Whilst respectful of each other’s accomplishments, they at this juncture, plainly don’t like each other. That usually makes for a great fight.
Khan (34-4, 21 KO’s) cites Brook’s jealousy of his accomplishments and riches as his opponent’s prime motivating factor. In yesterday’s final press conference he referred to him as a “fanboy” and that he’s been living in Brook’s head for a long time. He went on to say “I think it’s more jealousy than anything”.
In truth, the Bolton man (Khan) has always been the marquee name, turning professional in 2005 in a blaze of publicity after capturing Olympic silver in the 2004 Athens Games in comparison to Brook who turned pro in September of that year largely under the radar.
The Sheffield man responded “I don’t like him, he don’t like me, we’re going to see an excellent fight…it goes back to the amateur days”.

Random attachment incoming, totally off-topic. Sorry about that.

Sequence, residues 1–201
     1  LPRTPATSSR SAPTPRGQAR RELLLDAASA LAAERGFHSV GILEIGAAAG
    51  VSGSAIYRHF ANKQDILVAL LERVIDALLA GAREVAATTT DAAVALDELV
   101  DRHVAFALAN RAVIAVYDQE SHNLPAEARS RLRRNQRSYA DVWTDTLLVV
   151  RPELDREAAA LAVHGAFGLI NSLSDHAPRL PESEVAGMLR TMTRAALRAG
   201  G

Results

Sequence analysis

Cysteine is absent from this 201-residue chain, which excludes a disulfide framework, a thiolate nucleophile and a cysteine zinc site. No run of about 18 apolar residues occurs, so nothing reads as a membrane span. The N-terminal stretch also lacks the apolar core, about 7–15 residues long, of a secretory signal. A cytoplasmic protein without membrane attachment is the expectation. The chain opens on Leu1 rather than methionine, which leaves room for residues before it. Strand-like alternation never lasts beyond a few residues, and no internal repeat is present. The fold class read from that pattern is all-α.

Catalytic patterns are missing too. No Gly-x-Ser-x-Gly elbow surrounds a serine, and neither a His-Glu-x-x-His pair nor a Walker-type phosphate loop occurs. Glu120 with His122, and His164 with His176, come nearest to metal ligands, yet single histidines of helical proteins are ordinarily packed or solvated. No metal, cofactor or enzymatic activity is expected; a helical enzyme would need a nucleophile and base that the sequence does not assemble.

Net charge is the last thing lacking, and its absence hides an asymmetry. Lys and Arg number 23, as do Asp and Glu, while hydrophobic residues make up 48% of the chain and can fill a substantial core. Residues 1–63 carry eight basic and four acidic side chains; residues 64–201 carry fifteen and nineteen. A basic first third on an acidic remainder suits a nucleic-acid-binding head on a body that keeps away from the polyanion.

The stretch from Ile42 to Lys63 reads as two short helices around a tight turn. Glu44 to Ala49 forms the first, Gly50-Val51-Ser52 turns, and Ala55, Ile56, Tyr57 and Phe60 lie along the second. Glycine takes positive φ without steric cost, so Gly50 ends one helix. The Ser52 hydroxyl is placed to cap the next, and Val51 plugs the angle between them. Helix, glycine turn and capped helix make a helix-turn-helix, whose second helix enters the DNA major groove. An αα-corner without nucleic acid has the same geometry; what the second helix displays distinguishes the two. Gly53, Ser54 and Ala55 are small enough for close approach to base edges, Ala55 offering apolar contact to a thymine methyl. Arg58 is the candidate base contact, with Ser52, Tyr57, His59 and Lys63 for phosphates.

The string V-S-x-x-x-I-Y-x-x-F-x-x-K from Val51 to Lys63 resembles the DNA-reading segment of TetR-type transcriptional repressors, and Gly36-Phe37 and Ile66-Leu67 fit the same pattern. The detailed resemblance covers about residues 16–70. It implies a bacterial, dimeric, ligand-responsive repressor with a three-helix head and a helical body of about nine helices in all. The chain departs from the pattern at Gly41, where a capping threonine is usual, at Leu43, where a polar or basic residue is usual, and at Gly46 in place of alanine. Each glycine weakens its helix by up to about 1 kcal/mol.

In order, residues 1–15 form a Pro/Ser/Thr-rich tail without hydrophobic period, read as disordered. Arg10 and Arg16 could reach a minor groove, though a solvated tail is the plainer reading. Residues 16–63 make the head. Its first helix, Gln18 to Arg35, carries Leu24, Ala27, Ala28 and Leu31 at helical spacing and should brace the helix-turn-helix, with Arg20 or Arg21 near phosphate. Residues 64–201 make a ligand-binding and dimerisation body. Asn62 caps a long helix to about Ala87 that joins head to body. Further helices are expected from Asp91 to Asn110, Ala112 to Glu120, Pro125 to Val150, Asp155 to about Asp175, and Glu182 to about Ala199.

Both were excellent in the unpaid ranks, turned pro simultaneously, then worked their way up through domestic, European and world competition to capture titles and subsequently lose them. With each success or defeat came further media speculation of their impending meeting and an exchange of words that further fueled interest in the outcome, if and when that happened.
Problem is, it’s just taken so damn long.
Both are 35 years old, but their skills are still there to see, albeit tempered somewhat. Khan was always lightning quick, from the seventeen year old who lost to Cuban great Mario Kindelan in the Athens final, right through to his effort against pound-for-pounder Saul ‘Canelo’ Alvarez in 2016. He’s never been a big puncher but carries respectable power.